Alimony refers to the financial support that a dependent spouse will receive after a divorce. This is different from the spousal support or alimony pendente lite (APL) which refers to the temporary financial support the dependent spouse is to receive during the course of the divorce proceedings.
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The court will consider a number of factors when determining whether alimony is appropriate after the divorce. Factors include the age and health of each spouse, the income and earning capacity, the length of the marriage, whether one parent is the primary custodian of the children, the standard of living during the marriage, and many other factors. These are all issues to be explored with the assistance of an experienced family law practitioner.
Alimony and Support
(a) General rule. – Where a divorce decree has been entered, the court may allow alimony, as it deems reasonable, to either party only if it finds that alimony is necessary.
(b) Factors relevant. – In determining whether alimony is necessary and in determining the nature, amount, duration and manner of payment of alimony, the court shall consider all relevant factors, including:
- The relative earnings and earning capacities of the parties.
- The ages and the physical, mental and emotional conditions of the parties.
- The sources of income of both parties, but not limited to, medical, retirement, insurance or other benefits.
- The expectancies and inheritances of the parties.
- The duration of the marriage.
- The contribution by one party to the education, training or increased earning power of the other party.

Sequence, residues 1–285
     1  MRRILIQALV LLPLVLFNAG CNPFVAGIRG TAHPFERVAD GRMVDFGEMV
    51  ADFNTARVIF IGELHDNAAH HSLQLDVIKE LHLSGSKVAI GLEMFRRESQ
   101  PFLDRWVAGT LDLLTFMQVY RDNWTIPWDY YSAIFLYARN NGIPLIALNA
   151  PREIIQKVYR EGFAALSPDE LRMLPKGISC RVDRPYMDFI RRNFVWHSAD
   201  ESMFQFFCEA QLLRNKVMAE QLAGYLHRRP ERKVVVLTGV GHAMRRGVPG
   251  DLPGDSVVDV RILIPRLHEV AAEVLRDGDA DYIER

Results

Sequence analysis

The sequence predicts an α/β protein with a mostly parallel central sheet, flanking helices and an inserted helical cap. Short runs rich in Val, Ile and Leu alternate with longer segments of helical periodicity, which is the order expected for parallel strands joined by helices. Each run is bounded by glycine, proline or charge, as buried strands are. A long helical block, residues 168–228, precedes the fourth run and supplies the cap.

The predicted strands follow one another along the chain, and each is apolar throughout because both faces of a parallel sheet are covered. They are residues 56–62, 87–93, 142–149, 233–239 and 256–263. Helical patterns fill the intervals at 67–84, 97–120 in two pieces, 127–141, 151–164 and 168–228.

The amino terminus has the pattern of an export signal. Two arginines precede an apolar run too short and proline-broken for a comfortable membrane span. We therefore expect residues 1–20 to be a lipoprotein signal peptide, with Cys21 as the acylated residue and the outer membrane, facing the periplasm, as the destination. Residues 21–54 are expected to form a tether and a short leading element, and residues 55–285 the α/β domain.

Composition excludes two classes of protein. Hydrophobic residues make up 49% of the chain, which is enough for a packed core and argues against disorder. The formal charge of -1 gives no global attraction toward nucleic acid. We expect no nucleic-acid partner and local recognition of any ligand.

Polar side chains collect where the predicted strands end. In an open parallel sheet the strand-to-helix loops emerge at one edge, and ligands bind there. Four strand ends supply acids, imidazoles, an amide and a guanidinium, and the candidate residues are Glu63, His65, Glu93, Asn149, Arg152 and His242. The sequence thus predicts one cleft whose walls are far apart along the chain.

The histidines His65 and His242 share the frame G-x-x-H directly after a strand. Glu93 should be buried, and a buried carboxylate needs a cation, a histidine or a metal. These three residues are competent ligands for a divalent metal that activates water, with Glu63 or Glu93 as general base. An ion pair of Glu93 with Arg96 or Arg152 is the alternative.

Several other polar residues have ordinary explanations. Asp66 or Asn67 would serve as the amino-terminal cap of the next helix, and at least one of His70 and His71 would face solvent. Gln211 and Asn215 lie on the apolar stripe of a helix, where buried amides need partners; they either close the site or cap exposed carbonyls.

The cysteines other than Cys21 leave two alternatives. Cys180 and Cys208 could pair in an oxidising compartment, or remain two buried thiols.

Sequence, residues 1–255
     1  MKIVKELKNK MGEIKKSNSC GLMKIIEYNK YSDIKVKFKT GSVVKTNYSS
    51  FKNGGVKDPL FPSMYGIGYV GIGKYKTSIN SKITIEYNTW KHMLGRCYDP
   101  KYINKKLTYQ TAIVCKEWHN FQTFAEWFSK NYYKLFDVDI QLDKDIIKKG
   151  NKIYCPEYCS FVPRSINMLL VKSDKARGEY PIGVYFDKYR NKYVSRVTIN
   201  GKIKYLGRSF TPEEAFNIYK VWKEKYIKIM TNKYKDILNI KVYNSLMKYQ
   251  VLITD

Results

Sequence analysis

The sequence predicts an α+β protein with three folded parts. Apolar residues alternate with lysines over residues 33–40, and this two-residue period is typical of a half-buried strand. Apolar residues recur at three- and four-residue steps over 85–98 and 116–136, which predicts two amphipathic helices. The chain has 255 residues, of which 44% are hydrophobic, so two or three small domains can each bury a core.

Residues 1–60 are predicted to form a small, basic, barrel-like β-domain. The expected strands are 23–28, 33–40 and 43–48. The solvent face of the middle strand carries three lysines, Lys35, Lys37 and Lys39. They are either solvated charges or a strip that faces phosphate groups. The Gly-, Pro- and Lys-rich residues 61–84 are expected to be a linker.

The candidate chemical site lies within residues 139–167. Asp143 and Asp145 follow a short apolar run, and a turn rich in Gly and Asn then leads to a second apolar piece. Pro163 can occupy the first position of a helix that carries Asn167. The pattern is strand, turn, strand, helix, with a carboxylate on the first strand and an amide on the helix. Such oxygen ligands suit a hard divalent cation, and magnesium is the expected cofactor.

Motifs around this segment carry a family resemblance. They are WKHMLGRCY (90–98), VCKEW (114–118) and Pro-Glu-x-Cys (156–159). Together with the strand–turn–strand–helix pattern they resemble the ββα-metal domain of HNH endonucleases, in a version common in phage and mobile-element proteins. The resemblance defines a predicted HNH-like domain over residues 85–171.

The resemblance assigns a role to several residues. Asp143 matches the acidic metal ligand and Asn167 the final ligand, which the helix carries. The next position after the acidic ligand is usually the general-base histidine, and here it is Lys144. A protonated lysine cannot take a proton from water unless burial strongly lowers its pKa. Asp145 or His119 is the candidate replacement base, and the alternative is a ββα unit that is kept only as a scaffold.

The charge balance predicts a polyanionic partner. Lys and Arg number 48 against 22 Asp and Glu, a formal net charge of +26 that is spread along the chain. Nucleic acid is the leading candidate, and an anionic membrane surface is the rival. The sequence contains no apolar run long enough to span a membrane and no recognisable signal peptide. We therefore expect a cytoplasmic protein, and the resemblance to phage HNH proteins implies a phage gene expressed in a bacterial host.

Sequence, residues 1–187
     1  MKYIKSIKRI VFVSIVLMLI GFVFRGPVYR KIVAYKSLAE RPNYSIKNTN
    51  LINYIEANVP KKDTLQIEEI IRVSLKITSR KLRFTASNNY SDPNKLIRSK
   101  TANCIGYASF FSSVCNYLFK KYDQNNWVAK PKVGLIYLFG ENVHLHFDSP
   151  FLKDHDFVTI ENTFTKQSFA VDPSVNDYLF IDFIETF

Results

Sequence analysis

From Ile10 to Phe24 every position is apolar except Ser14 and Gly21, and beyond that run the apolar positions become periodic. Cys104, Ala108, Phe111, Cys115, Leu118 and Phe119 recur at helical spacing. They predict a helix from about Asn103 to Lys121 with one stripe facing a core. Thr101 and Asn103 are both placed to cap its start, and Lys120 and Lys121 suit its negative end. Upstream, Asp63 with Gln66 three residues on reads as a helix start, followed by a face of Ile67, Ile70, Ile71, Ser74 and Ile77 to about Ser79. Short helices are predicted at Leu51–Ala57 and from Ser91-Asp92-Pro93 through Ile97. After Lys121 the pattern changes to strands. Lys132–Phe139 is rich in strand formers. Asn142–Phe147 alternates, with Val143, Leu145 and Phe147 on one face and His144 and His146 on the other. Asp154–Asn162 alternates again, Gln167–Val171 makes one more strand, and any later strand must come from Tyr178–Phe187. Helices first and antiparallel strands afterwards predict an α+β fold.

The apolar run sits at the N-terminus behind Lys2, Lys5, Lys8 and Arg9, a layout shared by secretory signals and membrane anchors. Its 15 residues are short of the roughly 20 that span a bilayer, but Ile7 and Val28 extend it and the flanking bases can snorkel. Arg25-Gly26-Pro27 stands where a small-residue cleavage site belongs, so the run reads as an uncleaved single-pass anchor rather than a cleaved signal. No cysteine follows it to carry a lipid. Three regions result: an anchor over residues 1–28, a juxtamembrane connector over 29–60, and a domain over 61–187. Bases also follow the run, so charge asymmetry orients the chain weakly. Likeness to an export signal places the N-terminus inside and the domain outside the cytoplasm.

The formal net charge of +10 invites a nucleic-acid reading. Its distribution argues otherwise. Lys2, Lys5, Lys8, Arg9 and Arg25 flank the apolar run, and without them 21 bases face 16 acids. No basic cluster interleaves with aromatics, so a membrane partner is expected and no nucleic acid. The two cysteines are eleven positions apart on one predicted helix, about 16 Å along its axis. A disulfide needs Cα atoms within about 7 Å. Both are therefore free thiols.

- The extent to which the earning power, expenses or financial obligations of a party will be affected by reason of serving as the custodian of a minor child.
- The standard of living of the parties established during the marriage.
- The relative education of the parties and the time necessary to acquire sufficient education or training to enable the party seeking alimony to find appropriate employment.
- The relative assets and liabilities of the parties.
- The property brought to the marriage by either party.
- The contribution of a spouse as homemaker.
- The relative needs of the parties.
- The marital misconduct of either of the parties during the marriage. The marital misconduct of either of the parties from the date of final separation shall not be considered by the court in its determinations relative to alimony; except that the court shall consider the abuse of one party by the other party. As used in this paragraph “abuse” shall have the meaning given to it under section 6102 of the Divorce Code.
- The Federal, State and local tax ramifications of the alimony award.
- Whether the party seeking alimony lacks sufficient property to provide for the party’s reasonable needs.
- Whether the party seeking alimony is incapable of self-support through appropriate employment.
Contact Shemtob Draganosky Taylor today for a family law attorney skilled in the negotiation and determination of what alimony amount is appropriate in your case.
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